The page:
SYDNEY: Asian share markets fought to keep a global rebound alive on Tuesday after U.S. President Donald Trump seemed to quash hopes of a trade truce with China, clouding what had been a bright start to the week.
Moves were generally muted, but Japan’s Nikkei managed to add 0.8 percent and Chinese blue-chips rose 0.4 percent.
MSCI’s broadest index of Asia-Pacific shares outside Japan dithered either side of flat and was last up 0.2 percent. E-Mini futures for the S&P 500 dipped 0.1 percent and spread betters pointed to a subdued start for the major European Bourses.
In an interview with the Wall Street Journal, Trump said he expects to move ahead with raising tariffs on $200 billion in Chinese imports to 25 percent from 10 percent currently.
Trump said it was “highly unlikely” he would accept China’s request to hold off on the increase, planned for Jan. 1.
The comments ran counter to recent speculation about a possible deal when Trump meets Chinese President Xi Jinping at the G20 summit in Buenos Aires later this week.
That put trade-sensitive currencies, including the Australian dollar, on the defensive, while the dollar lost some ground on the safe-haven yen to 113.46.
The euro edged up a shade to $1.1334 and the dollar dipped to 97.027 against a basket of currencies.
OIL SHIFTS RISKS ON INFLATION, FED
Shares in Apple Inc fell after-hours in reaction to Trump’s comments that tariffs could also be placed on laptops and iPhones imported from China.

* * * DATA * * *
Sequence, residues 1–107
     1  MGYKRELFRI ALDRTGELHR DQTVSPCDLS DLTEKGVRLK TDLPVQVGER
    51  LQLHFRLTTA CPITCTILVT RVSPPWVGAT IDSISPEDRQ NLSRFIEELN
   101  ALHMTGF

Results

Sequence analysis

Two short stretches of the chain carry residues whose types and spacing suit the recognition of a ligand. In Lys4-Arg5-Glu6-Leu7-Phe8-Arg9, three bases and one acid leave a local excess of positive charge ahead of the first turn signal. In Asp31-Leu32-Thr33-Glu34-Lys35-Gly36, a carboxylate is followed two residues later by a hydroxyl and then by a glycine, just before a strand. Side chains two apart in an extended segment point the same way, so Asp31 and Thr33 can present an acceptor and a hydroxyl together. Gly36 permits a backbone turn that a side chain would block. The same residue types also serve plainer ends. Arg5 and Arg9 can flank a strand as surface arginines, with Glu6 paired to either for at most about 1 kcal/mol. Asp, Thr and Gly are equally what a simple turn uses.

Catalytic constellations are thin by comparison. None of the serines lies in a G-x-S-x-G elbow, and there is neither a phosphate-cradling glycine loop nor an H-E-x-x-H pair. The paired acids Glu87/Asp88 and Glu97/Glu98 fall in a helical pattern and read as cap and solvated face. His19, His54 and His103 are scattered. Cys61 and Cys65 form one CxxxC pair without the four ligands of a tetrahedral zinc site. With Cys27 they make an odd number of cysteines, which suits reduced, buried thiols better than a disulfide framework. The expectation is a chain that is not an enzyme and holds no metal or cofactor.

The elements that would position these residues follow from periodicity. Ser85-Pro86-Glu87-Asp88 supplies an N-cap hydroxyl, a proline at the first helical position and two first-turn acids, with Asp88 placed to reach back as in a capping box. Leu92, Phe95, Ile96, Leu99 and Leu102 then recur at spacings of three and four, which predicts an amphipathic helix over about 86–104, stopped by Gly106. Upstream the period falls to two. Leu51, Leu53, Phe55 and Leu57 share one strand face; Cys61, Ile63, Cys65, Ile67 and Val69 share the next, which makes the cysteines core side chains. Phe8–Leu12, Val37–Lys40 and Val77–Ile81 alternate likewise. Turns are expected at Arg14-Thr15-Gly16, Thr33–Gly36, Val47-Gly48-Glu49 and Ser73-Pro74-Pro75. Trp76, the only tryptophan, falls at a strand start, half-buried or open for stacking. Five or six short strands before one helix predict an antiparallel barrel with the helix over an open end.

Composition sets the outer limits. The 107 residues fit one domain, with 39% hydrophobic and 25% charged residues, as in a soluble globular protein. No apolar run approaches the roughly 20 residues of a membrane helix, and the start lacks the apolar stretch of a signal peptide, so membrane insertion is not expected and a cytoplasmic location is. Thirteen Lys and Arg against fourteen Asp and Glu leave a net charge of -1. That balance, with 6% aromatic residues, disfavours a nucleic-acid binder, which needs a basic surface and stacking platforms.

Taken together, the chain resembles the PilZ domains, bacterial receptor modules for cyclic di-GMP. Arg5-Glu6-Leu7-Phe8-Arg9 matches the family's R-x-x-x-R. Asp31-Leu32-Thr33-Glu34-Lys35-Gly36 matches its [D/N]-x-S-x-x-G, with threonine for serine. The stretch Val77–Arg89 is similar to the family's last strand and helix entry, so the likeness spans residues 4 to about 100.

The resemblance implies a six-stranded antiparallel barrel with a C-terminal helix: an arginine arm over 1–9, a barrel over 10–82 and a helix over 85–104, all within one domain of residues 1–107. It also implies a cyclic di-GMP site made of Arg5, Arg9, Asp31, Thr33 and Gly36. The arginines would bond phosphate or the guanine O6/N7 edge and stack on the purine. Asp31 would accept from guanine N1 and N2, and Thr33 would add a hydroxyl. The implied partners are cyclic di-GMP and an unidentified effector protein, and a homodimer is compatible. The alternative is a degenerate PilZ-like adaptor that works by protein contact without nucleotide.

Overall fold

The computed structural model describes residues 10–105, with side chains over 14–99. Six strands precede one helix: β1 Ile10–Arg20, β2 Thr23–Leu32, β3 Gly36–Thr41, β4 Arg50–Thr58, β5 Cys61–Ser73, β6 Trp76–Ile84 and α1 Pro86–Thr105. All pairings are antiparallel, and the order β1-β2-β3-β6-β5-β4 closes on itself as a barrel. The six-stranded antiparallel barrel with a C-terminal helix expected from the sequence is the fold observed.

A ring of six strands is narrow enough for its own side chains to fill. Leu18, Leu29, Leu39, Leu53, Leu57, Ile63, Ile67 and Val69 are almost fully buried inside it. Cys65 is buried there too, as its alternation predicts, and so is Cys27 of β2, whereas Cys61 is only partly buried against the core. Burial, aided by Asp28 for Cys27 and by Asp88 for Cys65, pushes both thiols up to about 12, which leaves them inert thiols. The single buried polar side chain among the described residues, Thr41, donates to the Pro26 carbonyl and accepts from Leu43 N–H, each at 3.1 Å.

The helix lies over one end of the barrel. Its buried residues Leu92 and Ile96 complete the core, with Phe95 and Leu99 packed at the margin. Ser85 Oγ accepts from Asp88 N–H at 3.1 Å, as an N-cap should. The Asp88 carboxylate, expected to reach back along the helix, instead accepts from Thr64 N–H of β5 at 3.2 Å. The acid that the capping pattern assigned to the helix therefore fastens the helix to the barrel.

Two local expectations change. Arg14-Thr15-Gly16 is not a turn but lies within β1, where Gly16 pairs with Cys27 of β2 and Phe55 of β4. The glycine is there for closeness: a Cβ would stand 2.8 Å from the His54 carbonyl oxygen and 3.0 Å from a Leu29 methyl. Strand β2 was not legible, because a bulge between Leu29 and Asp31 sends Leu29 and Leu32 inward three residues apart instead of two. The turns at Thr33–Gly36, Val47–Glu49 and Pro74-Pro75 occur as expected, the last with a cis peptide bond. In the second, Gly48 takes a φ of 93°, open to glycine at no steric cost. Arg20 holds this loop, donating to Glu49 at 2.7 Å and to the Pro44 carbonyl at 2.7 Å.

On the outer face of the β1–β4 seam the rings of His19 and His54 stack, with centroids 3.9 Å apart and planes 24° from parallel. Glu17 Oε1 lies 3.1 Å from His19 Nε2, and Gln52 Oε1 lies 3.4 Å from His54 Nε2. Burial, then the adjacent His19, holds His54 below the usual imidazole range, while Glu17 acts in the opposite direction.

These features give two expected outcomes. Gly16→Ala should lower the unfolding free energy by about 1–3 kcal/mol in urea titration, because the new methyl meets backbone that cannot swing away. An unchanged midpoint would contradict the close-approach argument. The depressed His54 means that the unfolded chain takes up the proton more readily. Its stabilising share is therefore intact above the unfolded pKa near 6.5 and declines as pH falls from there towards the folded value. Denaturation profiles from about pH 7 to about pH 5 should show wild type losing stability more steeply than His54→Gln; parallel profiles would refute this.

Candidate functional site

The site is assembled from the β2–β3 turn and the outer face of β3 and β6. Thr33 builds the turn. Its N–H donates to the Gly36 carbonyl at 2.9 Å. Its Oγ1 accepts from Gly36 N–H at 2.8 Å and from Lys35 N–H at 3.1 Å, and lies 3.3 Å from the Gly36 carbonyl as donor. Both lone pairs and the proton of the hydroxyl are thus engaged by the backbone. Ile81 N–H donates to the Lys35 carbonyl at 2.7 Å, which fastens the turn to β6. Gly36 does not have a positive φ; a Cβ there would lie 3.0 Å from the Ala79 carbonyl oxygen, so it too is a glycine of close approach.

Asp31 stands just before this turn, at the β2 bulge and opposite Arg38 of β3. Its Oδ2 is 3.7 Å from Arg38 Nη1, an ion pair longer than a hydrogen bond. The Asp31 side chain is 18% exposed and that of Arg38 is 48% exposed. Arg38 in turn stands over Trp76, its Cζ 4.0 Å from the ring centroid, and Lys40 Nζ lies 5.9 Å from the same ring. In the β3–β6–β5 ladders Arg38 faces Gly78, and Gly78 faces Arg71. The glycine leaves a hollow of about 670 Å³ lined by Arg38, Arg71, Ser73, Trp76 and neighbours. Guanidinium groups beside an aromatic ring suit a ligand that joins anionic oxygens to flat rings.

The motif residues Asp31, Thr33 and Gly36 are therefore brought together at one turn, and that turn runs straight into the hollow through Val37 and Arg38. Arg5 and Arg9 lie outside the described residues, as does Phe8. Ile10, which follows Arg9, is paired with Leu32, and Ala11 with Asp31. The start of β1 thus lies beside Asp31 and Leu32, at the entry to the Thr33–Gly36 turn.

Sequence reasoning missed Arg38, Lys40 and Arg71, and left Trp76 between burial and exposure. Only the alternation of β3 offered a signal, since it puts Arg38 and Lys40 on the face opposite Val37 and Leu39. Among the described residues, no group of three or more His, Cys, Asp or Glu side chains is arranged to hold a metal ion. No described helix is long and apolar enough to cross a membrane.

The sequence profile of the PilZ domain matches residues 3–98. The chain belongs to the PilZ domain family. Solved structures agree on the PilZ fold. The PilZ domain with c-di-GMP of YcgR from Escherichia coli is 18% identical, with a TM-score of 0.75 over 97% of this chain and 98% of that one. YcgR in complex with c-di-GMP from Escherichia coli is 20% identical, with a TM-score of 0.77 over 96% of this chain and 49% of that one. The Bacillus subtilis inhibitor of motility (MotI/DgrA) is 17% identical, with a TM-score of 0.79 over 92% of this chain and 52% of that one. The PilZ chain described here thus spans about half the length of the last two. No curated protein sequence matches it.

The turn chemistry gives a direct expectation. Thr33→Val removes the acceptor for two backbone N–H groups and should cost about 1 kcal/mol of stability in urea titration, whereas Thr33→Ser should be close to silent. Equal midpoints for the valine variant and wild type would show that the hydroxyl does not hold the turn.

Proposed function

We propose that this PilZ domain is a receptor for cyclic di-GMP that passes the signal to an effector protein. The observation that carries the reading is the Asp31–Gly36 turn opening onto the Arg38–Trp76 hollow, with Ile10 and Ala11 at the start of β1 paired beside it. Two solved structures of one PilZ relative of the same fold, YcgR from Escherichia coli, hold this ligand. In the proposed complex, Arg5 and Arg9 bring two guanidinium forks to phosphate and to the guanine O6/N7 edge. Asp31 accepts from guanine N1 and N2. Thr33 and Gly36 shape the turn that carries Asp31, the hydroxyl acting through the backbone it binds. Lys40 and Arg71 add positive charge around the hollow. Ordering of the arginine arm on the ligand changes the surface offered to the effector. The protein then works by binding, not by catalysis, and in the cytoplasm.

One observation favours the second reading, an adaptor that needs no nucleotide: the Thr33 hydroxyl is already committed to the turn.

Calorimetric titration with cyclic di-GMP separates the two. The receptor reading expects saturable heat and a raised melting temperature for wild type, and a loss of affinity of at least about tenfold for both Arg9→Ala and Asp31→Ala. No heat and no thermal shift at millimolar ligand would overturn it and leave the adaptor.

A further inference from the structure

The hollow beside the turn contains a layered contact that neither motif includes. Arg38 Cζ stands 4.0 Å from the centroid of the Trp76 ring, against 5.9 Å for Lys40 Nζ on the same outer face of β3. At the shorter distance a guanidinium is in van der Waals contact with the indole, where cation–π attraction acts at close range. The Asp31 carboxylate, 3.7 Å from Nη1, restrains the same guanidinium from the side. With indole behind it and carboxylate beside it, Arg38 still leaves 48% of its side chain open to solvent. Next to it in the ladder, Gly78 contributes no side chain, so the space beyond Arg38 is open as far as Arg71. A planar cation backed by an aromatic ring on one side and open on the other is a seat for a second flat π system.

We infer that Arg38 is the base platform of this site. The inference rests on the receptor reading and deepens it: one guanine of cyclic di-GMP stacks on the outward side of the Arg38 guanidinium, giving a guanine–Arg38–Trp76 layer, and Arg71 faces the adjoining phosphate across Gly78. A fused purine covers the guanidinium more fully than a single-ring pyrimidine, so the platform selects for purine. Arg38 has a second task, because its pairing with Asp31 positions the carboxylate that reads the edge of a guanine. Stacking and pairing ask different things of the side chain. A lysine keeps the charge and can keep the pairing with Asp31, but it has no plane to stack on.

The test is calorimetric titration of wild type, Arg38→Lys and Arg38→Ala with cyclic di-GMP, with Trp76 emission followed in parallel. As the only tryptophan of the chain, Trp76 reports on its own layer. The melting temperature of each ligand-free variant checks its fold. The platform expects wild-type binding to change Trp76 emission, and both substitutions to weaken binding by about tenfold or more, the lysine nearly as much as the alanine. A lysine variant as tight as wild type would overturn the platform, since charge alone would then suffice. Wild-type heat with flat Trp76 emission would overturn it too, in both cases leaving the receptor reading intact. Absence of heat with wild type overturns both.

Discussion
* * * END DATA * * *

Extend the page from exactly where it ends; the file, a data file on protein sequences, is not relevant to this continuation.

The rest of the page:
Trump’s remarks came just as the mood among investors had shown signs of brightening and Wall Street took heart from an upbeat holiday shopping period.
The Dow had ended Monday up 1.46 percent, while the S&P 500 gained 1.55 percent and the Nasdaq 2.06 percent.
The rally came after the S&P 500 on Friday recorded its lowest close in six months, down more than 10 percent from September’s peaks and back in “correction” territory.
In commodity markets, oil prices laboured with record production by Saudi Arabia. Oil had climbed nearly 3 percent on Monday but that was seen as largely a technical correction after weeks of heavy losses, driven both by oversupply and demand worries.
U.S. crude was off 9 cents at $51.54 a barrel, while Brent futures inched up 3 cents to $60.51.
Analysts at National Australia Bank noted the 30 percent drop in oil since early October would drag on U.S. inflation in coming months, perhaps offering further reason for the Federal Reserve to go slower on tightening.
The futures market has already shifted to imply two more hikes at most next year, while the Fed itself is predicting three and more in 2020.
Ears will thus be pricked for a speech by Fed Vice Chairman Richard Clarida later on Tuesday, ahead of an appearance by Chair Jerome Powell the day after.